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Remarks as Prepared for Delivery by Rep. Chellie Pingree at NOAA Maine Lobster Hearing

  • CP NOAA Lobster Meeting

Assistant Administrator Coit and the others who are here with us tonight from NOAA Fisheries, thank you for responding to the request of our delegation and the Governor and coming to Maine to hold this meeting.  

I am Chellie Pingree, I represent the First Congressional District which includes the coastal and island communities from Kittery to Camden.

My own home is on an island 12 miles off the coast, accessed by an hour-long ferry ride. It is one of several islands in in Penobscot Bay – the heart of lobster fishing territory and perhaps the site of the largest landings in the world. Living in a fishing community, you are never very far removed from the challenges the men and women who fish for lobster experience.

For 150 years, the Maine lobstering industry has adopted practices to sustain this fishery – and it has continued to support sustainable practices like v-notching females, trap limits, and a fishery based on owner operated boats. 

Starting in 1997 it has adopted practices to protect right whales. 

According to NOAA Fisheries’ own data, these practices have worked: the Maine lobster fishery hasn’t been definitively linked to an entanglement in 20 years. 

In 2010, a significant shift occurred in the right whale’s migration pattern. This shift was later explained by Bigelow Laboratory research, which found warming deep water temperatures changed the location of whales’ key food source and therefore where they traveled and fed. Research showed whales were drawn out of Maine waters, leading to an uptick in deaths from ships strikes and entanglements in Canadian waters. 

Nevertheless, the Maine lobster industry has been forced to make dramatic changes and shoulder the cost of reducing right whale deaths—regardless of whether the right whale deaths can be linked to lobstering in the Gulf of Maine.  

From Kittery to Calais—all 3,478 miles of our coastline—the lobster fishery impacts nearly every coastal community.  

Commercial fishing licenses are held in every island and coastal town—accounting for about 6,000 jobs on the water.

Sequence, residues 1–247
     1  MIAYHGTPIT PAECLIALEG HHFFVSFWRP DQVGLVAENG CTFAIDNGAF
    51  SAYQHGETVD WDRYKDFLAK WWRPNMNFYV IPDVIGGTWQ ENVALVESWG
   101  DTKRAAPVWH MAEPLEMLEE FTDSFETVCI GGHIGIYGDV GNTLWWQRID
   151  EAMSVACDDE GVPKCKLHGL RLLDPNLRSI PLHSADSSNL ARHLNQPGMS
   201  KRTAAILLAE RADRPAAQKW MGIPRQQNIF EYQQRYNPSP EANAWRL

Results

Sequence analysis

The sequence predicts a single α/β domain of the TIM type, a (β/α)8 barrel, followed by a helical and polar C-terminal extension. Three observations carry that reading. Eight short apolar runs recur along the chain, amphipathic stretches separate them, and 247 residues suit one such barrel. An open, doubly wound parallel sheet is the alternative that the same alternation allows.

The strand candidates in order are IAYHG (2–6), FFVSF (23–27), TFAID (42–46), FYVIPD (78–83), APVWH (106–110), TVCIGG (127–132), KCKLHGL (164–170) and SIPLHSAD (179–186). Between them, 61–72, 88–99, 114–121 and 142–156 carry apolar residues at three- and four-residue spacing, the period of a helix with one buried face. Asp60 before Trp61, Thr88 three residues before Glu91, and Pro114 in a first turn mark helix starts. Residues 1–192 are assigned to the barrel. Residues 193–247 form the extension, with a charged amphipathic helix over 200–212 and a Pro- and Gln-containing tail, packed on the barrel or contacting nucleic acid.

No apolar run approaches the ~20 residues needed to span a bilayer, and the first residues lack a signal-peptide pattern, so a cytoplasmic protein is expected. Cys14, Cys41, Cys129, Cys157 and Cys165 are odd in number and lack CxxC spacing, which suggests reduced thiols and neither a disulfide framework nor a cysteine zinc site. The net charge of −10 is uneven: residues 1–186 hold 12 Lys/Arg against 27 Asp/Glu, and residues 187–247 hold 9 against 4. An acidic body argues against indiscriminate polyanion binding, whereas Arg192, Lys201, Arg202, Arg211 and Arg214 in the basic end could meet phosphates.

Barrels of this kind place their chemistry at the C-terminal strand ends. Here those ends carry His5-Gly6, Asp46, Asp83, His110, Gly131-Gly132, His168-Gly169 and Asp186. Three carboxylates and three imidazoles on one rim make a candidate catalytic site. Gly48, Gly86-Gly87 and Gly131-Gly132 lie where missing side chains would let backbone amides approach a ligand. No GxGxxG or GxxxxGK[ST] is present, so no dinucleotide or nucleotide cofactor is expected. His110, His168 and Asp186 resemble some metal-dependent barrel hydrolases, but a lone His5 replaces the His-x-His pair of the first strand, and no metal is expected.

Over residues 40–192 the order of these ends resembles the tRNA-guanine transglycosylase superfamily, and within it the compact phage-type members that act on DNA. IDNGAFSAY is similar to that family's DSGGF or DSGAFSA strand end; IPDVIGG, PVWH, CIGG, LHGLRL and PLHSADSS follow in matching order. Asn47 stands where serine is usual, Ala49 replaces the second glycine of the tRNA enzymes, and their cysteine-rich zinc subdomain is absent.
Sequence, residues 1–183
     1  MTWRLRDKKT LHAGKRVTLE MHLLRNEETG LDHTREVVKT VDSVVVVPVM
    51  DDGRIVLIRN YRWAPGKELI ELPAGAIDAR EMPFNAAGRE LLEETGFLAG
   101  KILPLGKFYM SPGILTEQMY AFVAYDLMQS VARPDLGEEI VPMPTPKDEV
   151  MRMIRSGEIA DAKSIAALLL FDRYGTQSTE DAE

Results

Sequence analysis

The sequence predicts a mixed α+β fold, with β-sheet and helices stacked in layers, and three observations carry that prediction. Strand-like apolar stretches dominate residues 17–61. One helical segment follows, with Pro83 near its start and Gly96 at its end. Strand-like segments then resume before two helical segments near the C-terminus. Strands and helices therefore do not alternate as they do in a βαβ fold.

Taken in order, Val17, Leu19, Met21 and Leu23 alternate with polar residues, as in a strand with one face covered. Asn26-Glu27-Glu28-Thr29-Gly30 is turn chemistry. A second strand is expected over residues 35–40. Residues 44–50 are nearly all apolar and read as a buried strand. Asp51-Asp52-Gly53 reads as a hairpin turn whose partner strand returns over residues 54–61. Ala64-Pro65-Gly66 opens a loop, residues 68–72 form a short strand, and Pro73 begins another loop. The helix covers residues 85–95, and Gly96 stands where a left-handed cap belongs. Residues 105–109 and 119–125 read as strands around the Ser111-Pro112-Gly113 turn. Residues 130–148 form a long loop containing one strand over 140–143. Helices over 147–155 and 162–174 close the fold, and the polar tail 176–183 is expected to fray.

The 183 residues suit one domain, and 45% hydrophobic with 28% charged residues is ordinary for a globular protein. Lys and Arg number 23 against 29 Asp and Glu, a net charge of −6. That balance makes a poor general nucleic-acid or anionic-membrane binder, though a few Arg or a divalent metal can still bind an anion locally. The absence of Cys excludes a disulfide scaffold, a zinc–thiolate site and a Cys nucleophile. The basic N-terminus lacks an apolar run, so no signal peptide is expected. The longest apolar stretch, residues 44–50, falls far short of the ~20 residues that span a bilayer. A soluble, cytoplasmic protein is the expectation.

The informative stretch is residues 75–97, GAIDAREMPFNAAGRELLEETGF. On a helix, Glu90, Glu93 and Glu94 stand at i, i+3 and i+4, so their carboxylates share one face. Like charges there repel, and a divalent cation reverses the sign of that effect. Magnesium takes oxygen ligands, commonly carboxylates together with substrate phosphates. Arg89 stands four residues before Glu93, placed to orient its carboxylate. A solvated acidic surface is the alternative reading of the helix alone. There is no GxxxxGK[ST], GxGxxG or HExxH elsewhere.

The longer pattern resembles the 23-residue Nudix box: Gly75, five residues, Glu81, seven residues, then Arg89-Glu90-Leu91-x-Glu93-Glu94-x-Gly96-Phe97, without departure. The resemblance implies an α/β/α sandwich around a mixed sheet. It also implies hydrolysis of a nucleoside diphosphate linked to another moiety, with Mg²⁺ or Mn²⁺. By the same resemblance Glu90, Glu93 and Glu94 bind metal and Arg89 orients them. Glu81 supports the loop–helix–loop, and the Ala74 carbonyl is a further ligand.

In 2021 the landings were worth about $725 million but this fishery contributes about $1.4 BILLION to state’s economy each year.  

In my community, like so many others, the lobster fishermen and their families represent our history, and their lives and activities are woven into the fabric of who we are. They’re our friends and neighbors and valued community members who are raising families, serving on the local school board, volunteering for the fire department.

If lobstermen and women are forced to comply with new regulations that make it impossible to continue fishing, then many coastal businesses will also be impacted, and many won’t survive. 

In my own daughter’s pizza restaurant, Calderwood Hall, the Fishermen from Stonington and Vinalhaven bring their families over in their boats and fill up the tables, heading home when they’re full. It would seem empty without them.

But it wouldn’t be just one empty restaurant. 

This would have a devastating impact on coastal and island year-round communities throughout our state. The businesses that support our daily lives—the grocery store, the boatyard, the gas station—would struggle to stay open. Families moving away and the decline in students may mean our schools have to close, and we’d seen the end of our clinic, the church and all the things that bind us together.    

Let me close with this:

I urge you to recognize the impact these proposed conservation measures will have on our lobstermen, our coastal communities, and the entire state of Maine. 

There is no reason to create a new regulatory framework that will not provide additional protections for right whales—but potentially has the impact of shutting down the entire lobster industry. We are here today to ask you to prevent that from happening.  

Thank you.



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